MCAT 2015
MCAT 2015 – What to expect

Beginning in the 2014/2015 cycle, applicants who have previously written the MCAT with scores of no less than 7 in Verbal Reasoning, Biological & Physical Sciences and no less than M in the Writing Sample will be able to use these scores for the next three and a half years, in keeping with current policy. The WS score will be dropped, where it advantages the applicant, to be in line with those applicants who write the tests beginning in 2013, where the WS is removed. Although the WS will be dropped, the minimum score of M for exams with the WS section will still be mandatory, as this was a requirement to ensure a valid MCAT written in 2012 or earlier. When MCAT 2015 is introduced, scores from both this version and tests in the previous format will be acceptable.  View diagram.

Background Information

The Admissions Committee and the College of Medicine have chosen to provide all opportunities to applicants and not disadvantage any applicant.  These disadvantages may come from the costs associated with further course work or taking a second exam.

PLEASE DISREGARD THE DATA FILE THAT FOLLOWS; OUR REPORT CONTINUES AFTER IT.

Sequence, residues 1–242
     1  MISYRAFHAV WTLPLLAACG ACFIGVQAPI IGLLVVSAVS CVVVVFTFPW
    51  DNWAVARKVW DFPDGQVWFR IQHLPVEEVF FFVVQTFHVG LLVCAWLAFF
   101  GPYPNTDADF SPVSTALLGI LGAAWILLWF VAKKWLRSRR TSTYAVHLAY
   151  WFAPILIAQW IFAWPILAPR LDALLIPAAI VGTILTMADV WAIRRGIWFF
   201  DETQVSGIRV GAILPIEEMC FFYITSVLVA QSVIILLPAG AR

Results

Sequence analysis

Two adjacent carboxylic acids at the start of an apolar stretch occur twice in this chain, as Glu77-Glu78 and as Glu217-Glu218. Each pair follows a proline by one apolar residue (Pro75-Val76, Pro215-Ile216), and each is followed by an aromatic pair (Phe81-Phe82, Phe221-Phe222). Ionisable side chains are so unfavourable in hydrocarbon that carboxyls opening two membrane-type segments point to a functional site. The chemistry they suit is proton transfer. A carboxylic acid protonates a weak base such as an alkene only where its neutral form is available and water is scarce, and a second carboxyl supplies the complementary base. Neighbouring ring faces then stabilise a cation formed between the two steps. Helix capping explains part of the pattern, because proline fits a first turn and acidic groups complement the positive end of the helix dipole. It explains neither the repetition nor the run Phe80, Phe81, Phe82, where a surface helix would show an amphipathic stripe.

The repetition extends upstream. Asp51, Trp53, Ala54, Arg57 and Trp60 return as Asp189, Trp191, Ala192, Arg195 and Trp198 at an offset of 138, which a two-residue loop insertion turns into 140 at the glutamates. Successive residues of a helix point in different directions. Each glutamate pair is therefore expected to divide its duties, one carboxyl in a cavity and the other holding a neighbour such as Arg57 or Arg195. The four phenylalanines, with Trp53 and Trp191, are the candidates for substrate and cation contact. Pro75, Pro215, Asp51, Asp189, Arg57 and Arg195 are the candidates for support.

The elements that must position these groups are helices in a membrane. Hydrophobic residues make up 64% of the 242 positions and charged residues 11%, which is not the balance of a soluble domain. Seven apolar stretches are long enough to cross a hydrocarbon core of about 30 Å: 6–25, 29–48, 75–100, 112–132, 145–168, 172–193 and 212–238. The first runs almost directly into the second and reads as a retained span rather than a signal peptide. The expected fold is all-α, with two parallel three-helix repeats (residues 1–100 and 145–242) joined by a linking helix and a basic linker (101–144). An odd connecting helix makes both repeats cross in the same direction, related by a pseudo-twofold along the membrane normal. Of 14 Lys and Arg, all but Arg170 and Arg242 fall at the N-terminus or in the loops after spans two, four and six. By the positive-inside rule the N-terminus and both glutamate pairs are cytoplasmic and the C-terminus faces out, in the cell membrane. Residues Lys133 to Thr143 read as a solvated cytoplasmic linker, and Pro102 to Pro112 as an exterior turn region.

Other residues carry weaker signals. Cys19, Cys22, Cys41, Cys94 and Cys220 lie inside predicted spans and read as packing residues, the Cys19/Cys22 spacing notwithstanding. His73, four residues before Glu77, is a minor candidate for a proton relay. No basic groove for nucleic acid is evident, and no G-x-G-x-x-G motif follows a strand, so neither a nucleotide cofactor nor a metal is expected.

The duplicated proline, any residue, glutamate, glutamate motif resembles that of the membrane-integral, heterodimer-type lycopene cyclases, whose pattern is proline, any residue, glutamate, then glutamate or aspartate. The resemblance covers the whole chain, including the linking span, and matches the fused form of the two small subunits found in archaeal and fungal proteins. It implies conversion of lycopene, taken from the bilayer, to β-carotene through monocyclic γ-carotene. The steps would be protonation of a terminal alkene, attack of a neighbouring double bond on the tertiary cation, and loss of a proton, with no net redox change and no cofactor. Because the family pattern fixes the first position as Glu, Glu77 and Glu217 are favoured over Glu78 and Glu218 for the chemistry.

The Admissions Committee recognizes the challenges of score comparisons.  The AAMC has stated that the current exam does not include all of the academic competencies of the new exam.  Direct comparisons of scores for applicants who take different exams have different meaning.  However, the AAMC will be providing percentile ranks for the new exam. The Admissions Committee has consulted a statistician and have been reassured that our scoring and ranking methods will be unaffected by the two different versions of exam scores.

The AAMC has published a document to assist applicants in choosing which exam to take.  While the AAMC does recommend you check with the individual school requirements, it suggests that if you would like to start classes in 2018, the current exam would still be an option.  The policy provided in our Applicant Information Bulletin has been that eligible scores would be valid for three and a half years.  The Admissions Committee felt it would be fair to maintain this policy.
In addition, the Admissions Committee and the College of Medicine continue to believe that the MCAT is an important requirement in the admissions process.  The MCAT exam provides a common metric for evaluating the academic preparation of applicants who have different course taking histories.  With the new exam content, we are looking forward to discovering the benefits to our new curriculum.